Swirling around. Something like: This Thing in itself Thing. Where had I encountered it?
I reread “Who Goes There?” recently, noting when the Thing is referred to as “the Thing.” Since the title has noTHING about a Thing, it’s curious that this would ultimately be the ultimate name for the film.
Here’s the Thing.
The Thing, our beloved Thing, is always referred to as “the thing,” a Thing with a small “t” in the novella. It nearly seems degrading. The damn Thing IS going to take over the earth. Besides, a capitalized Thing should be distinguished from the word’s other uses.
Here are a few from the OED:
- An object that one need not, cannot, or does not wish to give a specific name to. (It’s the standard for the characters in “Who Goes There?”)
- things: personal belongings and clothing.
- A thing: anything (using the word to define itself).
- An inanimate material object as distinct from a living sentient being (Heidegger territory).
- An action, event, thought, or utterance.
- the thing: what is needed or required.
And then there are phrases: Do the right thing. It’s your thing. Have a thing for. One thing leads to another. The last was nearly my title for this piece. The Thing of 1951 leads to The Thing of 1982 leads to The Thing of 2011. What do we make of the thirty-year gaps? Each generation needs its own Thing. The Greatest Generation, the Baby Boomer and Gen X Thing, and the Millennial Thing.
The 1982 Thing corresponds more closely to the original Campbell novella. In particular, the Campbell dwells on the tests to distinguish humans from the inhuman Thing. Speculation begins after the Huskies (not “Russkies”) start howling and thrashing against their cage and the Antarctic crew catches the dog in mid-Thing. Next, Blair (Wilfred Brimley) retreats to a remote shack and barricades himself inside. He wants to prevent himself from taking action against the others because he has figured out they all must die to deny the Thing any chance of leaving Antarctica. MacReady (McReady in the novella) takes charge and starts conducting the tests to determine who’s been made into a Thing. The liberal use of fire to destroy all Things that are Thing-like comes from the book. In the final showdown, going back to Blair, he’s been using his time in the shack to secure, not stop, the Thing’s takeover of Earth.
As the second epigraph suggests, I have had recourse to read (and struggle mightily with) a work of Martin Heidegger, Poetry, Language, Thought.2 I had read this collection of essays in my mid-twenties. I didn’t recall it very well but someThing stuck. Had to be Heidegger. But where? Googling “The Thing” and “Heidegger,” I found a page from the aforesaid book with a chapter entitled “The Thing.”3 So much had The Thing become a Thing for me that I read Heidegger’s essay the same day I read “Who Goes There?” It seemed clearer, now, that the story, despite being written before the essay (the novella appeared in 1938), perhaps more than any of the films, best captured Heidegger’s idea about Thingness. Because Carpenter remained somewhat close to the novella, his Thing’s meaning has a Heideggerian twang to it, a timbre or musical rhythm.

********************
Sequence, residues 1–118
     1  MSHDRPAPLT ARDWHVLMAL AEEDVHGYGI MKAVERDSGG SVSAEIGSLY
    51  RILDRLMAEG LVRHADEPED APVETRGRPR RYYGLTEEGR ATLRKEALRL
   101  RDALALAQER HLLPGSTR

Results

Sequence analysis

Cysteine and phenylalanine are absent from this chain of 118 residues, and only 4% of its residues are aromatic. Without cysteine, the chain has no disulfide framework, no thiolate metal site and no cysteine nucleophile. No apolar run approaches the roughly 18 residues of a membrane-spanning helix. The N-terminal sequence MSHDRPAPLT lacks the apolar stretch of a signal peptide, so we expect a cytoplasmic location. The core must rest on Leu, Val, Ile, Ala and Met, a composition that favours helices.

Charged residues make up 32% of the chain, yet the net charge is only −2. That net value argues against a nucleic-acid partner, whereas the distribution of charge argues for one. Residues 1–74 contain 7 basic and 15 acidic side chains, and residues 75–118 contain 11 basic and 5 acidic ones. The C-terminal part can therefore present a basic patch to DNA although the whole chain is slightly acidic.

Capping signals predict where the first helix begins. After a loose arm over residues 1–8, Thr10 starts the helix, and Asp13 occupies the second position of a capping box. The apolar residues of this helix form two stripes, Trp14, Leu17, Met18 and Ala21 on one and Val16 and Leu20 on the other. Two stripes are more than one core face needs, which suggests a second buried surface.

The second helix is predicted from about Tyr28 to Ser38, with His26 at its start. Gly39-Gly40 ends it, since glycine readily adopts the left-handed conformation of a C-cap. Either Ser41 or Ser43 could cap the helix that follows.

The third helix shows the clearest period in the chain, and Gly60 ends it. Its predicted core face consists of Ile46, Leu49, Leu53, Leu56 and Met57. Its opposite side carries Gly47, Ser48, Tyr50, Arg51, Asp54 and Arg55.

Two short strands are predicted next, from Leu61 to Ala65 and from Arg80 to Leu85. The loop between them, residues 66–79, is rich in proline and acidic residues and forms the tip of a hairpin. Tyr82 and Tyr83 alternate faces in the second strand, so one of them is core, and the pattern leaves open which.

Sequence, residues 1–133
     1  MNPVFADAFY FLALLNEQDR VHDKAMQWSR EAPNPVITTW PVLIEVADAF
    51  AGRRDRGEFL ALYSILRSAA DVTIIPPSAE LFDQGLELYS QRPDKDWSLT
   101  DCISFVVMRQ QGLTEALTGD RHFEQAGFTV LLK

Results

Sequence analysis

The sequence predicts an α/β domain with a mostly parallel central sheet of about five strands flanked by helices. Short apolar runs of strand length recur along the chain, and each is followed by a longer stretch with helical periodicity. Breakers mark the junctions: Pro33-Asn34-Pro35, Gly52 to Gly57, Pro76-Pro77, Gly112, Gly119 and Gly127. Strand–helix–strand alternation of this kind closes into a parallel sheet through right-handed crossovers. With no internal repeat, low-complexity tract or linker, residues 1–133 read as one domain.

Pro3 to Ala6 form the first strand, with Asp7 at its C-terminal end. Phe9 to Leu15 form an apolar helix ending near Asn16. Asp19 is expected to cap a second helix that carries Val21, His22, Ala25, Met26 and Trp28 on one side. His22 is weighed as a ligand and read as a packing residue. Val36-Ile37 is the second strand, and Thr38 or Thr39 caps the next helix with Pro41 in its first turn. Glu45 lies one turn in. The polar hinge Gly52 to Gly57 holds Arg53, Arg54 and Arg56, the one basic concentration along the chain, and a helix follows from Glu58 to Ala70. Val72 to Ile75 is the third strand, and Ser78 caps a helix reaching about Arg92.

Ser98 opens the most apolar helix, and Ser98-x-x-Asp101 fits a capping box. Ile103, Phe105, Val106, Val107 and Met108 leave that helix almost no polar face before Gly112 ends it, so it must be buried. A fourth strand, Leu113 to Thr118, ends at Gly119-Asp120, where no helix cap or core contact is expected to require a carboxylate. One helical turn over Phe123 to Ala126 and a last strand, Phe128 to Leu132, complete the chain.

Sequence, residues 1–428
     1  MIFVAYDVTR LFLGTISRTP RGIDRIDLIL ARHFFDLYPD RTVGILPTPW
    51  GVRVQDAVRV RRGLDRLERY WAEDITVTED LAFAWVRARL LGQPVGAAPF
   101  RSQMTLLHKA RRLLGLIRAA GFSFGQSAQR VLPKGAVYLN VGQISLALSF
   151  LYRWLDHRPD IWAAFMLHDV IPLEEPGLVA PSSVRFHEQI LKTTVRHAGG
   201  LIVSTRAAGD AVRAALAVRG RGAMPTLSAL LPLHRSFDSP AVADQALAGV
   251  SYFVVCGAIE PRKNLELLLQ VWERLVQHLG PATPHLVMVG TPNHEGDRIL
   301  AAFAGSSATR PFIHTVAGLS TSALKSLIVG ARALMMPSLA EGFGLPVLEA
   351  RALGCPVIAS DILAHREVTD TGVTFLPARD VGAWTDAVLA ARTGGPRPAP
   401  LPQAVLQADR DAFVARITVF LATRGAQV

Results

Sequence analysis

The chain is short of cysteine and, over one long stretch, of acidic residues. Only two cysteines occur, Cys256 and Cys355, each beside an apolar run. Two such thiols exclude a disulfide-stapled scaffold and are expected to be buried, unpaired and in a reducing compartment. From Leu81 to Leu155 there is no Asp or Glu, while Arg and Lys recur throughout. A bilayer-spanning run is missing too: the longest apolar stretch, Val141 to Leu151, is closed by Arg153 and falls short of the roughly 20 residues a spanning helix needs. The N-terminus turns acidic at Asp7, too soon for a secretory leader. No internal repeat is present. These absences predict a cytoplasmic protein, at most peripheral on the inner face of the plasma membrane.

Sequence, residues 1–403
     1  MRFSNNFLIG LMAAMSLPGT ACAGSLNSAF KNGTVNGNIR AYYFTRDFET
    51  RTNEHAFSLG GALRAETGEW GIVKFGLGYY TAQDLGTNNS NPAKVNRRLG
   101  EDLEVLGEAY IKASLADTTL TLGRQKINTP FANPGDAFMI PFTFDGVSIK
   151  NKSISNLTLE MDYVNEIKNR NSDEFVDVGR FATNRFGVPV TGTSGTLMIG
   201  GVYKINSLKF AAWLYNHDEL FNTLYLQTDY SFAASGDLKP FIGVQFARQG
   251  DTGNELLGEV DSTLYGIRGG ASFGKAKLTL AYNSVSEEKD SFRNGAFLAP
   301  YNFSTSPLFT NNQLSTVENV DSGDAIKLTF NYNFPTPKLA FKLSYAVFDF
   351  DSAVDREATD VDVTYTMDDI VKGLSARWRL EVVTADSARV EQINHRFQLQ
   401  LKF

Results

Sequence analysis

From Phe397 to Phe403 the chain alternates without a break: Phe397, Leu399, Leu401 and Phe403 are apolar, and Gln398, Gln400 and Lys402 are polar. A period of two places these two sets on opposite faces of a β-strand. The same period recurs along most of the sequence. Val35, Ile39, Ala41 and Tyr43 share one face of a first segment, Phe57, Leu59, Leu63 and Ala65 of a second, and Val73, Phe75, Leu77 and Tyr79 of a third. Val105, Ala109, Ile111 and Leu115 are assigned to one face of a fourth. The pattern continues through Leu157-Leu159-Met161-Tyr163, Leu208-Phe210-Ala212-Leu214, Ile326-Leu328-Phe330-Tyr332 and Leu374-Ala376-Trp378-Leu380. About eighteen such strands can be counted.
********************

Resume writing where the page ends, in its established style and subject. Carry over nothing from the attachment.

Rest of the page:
Before Heideggering you to death, I want to observe how Carpenter’s, if not everyone else’s (including yours), Thing stops short of full Thingness. It goes back to Campbell’s book. I am struck by the relative calm that encases Campbell’s story. Calm: in the sense that characters seem more bent on figuring out what the Thing is and how the Thing ticks. DESPITE their knowing they and the rest of the human race will be obliterated. More importantly, the novella takes time with its characters, especially McReady, as they figure out how they can tell a human from a Thingified human. They deal with the conundrum: would a Thing-person help the non-Thing persons in determining who is a Thing? If the Thing exactly replicates a human, might not this Thing-person realize he’s a Thing? Might this, in fact, be the Thing’s very deep strategy to get out of Antarctica? (This reminds me of the Russian moles in Telefon , who don’t know they’re moles until Donald Pleasence recites some Robert Frost to them over the telephone. Might our undercover Things be brought to full Thingness by the Isley Brothers song?) More chilling than our world being conquered by aliens would be a world overrun by an enemy unconscious of itself.
Alas, no. The Thing’s many Things are part of its singular consciousness and, apparently, its Achilles heel. For McReady (and MacReady), putting an electrical charge into blood determines one’s Thingness or lack thereof.
The difference between reading “Who Goes There?” and seeing Carpenter’s Thing is so great that it seems as if we are experiencing two totally different Things. The Thing films overall are bent on scaring the shit out of us and do an excellent job. The horrible monster in plain sight has noble lineage: Invasion of the Body Snatchers (1956) and Alien (1979). Carpenter, indeed, owes much to the former film.
Really, who has time for Heidegger?
Even I didn’t. When I started making notes on the last two Things, it wasn’t until I had read the novella that I explored Heidegger’s Thing. It seemed irresistible.
- Faraway, So Close
Carpenter’s Thing depicts the Thing’s victims already succumbing to their inner Thingness (theoretically separating it from the novella). However, in the end, their inability to see who has or has not become Thingified is no different from the novella. Unlike in the first Thing, the group never coheres into a formal unit combating the ominous menace (the “menace” of communist subversion). Such is the importance in the respective depiction of the Things. The formal, external menace, in 1951, becomes an invisible force thirty years later, much more difficult to stop (adhering to classical horror film stakes: the remake is more terrifying). The menace to society – American society – becomes the Society itself, which has the potential of becoming the Thing itself! Carpenter reiterates this internal threat in a parallel alien takeover in They Live (1988).